Dunn, Leslie Clarence

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(b. Buffalo, New York, 2 November 1893; d. New York City, 19 March 1974)


Dunn’s parents, Clarence Leslie Dunn and Mary Eliza Booth Dunn, both from farming families, were high school graduates. Leslie went to Dartmouth College on a scholarship, and there his interest in zoology was awakened by John H Gerould, an inspiring teacher with a strong interest in the new science of genetics. Dunn graduated in 1915 (Phi Beta Kappa) and then went to Harvard University where he worked under William Ernest Castle. For his D.Sc. dissertation (1920) Dunn made linkage studies on certain genes in mice and rats.

Dunn served as an officer in the U.S. Army in France during World War I. He returned to Harvard in 1919. In May 1918 he had married Louise Porter. They had two sons, the younger of whom, Stephen, in spite of a spastic disability, became a collaborator with his father in anthropological and genetic studies of the Jewish community in Rome in the 1950’s.

Dunn’s first appointment, in 1920, was to the post of poultry geneticist at the Agricultural Experiment Station at Storrs. Connecticut. In the ensuing eight years he did pioneering work on the genetics of chickens, In scientific insight, versatility, and care in experimental design and execution, that work has probably never been surpassed. Dunn determined the relation between egg weight and hatchability, and the susceptibility of egg size to natural as well as artificial selection. He also explored the loss of vigor resulting from inbreeding and the restoration of vigor by outcrosses between different breeds. Much of this work was done in collaboration with a close friend and colleague, Walter Landauer.

While at Storrs. Dunn entered into collaboration with the plant geneticist Edmund Ware Sinnott to write an introductory textbook, Principles of Genetics (1925). Through two subsequent editions (1932, 1939) and two further revisions (1950. 1958), of which Theodosius Dobzhansky became a leading coauthor, this text remained one of the foremost in its field. Scarcely any American geneticist active in the five decades after its first publication did not owe it a great debt, either as student or as teacher. Masterly exposition and an extensive use of carefully designed problems for students to solve characterized all revisions.

In 1928 Dunn was appointed professor of zoology at Columbia University, to succeed Thomas Hunt Morgan. The facilities at Columbia were not suitable for work with poultry, so Dunn decided to continue some work with Drosophila, in the Columbia tradition, and to resume his studies of the genetics of mice, which he had never abandoned entirely. He was fortunate in recruiting excellent graduate students to work with him, and these were joined by visiting investigators and postdoctoral associates, especially Salome Gluecksohn-Schoenheimer (later Waelsch), who was trained under Hans Spemann in embryology and who from 1938 to 1954 collaborated with Dunn in many studies of abnormal mouse development caused by mutant genes or specific genotypes. Her place was later filled by Dorothea Bennett, who continued with Dunn to analyze the extraordinary genetic variability at the T = t locus (short tail or tailless phenotypes) arising by repeated mutations and widespread in mouse populations. The evolutionary forces that could lead to the spread of such lethal or near-lethal genes in populations fascinated Dunn. This prolonged investigation was probably his greatest original work in genetics.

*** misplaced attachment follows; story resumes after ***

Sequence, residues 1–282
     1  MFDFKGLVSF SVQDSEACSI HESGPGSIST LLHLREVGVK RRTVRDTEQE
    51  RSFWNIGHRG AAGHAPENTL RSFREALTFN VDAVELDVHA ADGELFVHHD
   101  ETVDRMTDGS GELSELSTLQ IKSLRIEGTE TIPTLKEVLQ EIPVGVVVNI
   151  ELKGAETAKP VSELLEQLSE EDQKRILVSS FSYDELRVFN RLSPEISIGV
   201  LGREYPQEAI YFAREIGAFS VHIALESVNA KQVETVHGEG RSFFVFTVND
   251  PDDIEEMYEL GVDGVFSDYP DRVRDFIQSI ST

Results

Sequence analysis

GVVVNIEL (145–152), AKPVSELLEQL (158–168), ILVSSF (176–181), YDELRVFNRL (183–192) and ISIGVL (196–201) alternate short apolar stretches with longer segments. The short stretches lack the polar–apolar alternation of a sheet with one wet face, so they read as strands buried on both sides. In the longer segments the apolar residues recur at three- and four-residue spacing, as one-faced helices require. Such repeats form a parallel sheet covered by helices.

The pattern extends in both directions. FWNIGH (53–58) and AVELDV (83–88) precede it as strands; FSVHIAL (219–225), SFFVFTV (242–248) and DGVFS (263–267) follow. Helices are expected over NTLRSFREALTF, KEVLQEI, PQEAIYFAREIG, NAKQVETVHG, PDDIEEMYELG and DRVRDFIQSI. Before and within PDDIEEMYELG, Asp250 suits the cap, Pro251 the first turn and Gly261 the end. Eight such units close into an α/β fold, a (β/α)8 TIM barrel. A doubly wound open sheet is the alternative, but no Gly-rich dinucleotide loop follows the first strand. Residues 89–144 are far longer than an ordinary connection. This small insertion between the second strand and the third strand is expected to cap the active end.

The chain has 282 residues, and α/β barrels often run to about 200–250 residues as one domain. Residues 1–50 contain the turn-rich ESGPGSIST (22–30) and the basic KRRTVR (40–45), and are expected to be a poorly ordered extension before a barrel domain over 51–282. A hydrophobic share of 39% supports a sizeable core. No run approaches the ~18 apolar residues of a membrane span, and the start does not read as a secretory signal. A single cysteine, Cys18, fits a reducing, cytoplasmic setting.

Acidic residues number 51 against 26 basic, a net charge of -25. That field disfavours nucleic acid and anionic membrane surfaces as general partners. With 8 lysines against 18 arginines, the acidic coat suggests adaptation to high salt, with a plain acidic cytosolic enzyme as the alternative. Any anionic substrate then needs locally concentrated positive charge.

The T mouse carries a dominant gene that produces a short tail. A recessive t gene, when homozygous (tt), produces taillessness. The compound, surprisingly, is quite viable and manifests only the shorttail characteristic. When Tt mice are bred together, neither homozygous TT nor tt offspring are born; only Tt mice are produced. As the Tt cross breeds true, T and t appear to be alleles, located in the same chromosome pair at the same locus.

Dunn suspected that the Tt mice bred true because both homozygous types (TT and tt) are lethal and do not recombine by crossing over. Hence he looked for deaths during embryonic life in the litters produced from TT by tt matings, and he did find two classes of lethal embryos, so that half of all the embryos were dying. Such a genetic situation had previously been found only in the fruitfly Drosophila, by H. J. Muller. But why, if T and t are alleles. do they show no interaction in effect?